Thursday finally brought on a lot of new economic data for investors to peruse from the Labor Department and Commerce Department. This on the heels of several days in a row of almost no real economic reports worth noting. Released were the weekly jobless claims, retails sales and import/export prices.
Weekly jobless claims came in at 334,000, but Bloomberg had estimates of 350,000, versus a preliminary report of 346,000 last week (last week was unrevised). The four-week average fell by 7,250 to 345,250, and the continuing jobless claims (with a one-week lag) were up by 2,000 to 2,973,000.
Retail sales came out for the month of May at +0.6%, above the Bloomberg consensus estimate of 0.5% on the headline data. Ex-auto retail sales were up by 0.3%, versus the Bloomberg consensus of 0.4%. This was pretty much right in line with estimates.
The last reading that the investment community was looking at was the import and export prices for the month of May. This is an inflation (or deflation) barometer. Import prices were down by 0.6%, versus a Bloomberg consensus of 0.0%. Export prices were down 0.5%, versus the Bloomberg expectation of -0.1%. Non-petroleum import prices fell 0.3% and petroleum import prices declined 2.0% in May.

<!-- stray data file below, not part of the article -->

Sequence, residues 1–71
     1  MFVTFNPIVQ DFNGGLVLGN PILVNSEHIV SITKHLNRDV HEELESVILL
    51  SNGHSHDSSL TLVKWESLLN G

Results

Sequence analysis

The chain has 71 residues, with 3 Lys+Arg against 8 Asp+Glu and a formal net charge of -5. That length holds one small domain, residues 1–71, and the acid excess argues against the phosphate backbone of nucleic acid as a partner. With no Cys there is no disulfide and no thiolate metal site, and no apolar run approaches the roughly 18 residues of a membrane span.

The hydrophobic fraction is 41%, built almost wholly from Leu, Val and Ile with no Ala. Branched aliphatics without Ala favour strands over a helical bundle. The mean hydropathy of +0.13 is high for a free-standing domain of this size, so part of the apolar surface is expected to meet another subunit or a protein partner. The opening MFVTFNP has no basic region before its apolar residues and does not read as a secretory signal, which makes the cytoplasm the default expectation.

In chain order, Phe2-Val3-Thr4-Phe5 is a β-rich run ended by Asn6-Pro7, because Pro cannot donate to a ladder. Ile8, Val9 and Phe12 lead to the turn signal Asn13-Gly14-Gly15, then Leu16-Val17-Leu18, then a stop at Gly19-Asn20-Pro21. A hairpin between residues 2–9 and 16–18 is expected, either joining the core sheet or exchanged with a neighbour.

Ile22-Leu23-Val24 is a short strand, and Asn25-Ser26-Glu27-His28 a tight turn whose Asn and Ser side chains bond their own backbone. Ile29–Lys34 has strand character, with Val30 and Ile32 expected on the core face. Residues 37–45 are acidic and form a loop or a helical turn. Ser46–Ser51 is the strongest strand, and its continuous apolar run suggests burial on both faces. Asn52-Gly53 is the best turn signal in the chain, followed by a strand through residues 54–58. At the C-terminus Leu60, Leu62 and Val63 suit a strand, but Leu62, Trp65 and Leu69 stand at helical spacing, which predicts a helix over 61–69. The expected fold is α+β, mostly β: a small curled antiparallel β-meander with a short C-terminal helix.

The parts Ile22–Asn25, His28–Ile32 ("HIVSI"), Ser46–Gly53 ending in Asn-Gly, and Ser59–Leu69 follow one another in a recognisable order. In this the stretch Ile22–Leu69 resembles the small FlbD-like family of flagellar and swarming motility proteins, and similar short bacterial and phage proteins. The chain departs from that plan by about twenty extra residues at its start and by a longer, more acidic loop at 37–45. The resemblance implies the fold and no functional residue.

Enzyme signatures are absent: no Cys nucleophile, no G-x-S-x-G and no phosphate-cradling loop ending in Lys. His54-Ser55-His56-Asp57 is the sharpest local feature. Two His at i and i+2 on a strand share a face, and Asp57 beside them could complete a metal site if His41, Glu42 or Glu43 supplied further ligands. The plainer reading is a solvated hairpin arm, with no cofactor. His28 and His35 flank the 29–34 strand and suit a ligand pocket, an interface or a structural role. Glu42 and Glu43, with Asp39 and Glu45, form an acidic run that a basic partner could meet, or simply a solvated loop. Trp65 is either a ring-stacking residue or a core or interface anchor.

So in a nutshell: better-than-expected jobless claims, marginally rising retail sales and deflation. S&P 500 futures are down four points and DJIA futures are down about 30 points. The 10-year Treasury note’s yield is up at 2.23% so far this morning.